Have any of the terms or relationships with vendors changed that could affect the speed or amount that you are paid for products or services? Your systems should be able to identify patterns in debtor remittance that allow for more accurate forecasting. Have you had recent price changes that will adjust your figures?

Your company may have a new product release scheduled which will affect sales or it could have had a product recall which is going to throw a wrench into your forecast figures. Consider what just happened with Ford Motor Company. Recalling 350,000 current year trucks and SUVs will not only affect future sales figures but expenses as well.

When you forecast your outflows, you'll need to include both fixed and variable costs while making a distinction between the two. Obviously, your business will have some type of overhead which includes the salaries, rent, and utilities that you pay. While some of these expenses may increase in times of high volume business, you should be able to predict them will a fair amount of accuracy.

Variable expenses will change along with your production and sales volume. This includes your cost of goods sold (COGS) as well as recurring variable expenses such as quarterly taxes, seasonal inventory, and months with an extra pay period.

The timing of these payments is critical for an accurate forecast. Let's assume that your COGS is 60% and you plan to generate $100,000 in sales during the first quarter. You would need $60,000 worth of goods in inventory to cover those sales, but not all of that cash may be needed upfront. You will have to pay for labor immediately, but raw materials may be on credit terms of 90 days or more.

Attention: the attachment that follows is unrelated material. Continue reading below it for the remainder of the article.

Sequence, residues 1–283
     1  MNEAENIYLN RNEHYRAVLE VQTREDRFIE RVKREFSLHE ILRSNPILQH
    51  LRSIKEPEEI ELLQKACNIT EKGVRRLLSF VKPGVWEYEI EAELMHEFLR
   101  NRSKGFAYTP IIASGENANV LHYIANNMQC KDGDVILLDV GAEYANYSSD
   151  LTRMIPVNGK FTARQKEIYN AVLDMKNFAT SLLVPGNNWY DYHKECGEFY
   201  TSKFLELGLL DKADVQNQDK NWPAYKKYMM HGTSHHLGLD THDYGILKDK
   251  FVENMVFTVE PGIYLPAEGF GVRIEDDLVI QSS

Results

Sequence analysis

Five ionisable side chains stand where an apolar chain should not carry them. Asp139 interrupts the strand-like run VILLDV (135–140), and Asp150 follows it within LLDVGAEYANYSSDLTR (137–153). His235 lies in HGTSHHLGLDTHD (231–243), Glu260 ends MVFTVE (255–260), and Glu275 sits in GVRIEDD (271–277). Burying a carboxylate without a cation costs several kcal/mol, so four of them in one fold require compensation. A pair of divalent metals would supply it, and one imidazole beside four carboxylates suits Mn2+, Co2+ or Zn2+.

Your company should also accurately forecast for any one-time expenses that it foresees. These might include equipment purchases, employee training programs, and annual bonus payments. If in doubt about a potential expense, it's best to put it into your forecast as a safety measure.

  1. Create Several Scenarios

When you produce a cash flow forecast, it may be helpful to create several different scenarios. Let's assume that you work in an industry where a potential tariff could undermine your future business. It hasn't happened yet, but it would be helpful to know what your cash situation is going to be should this occur. Two examples: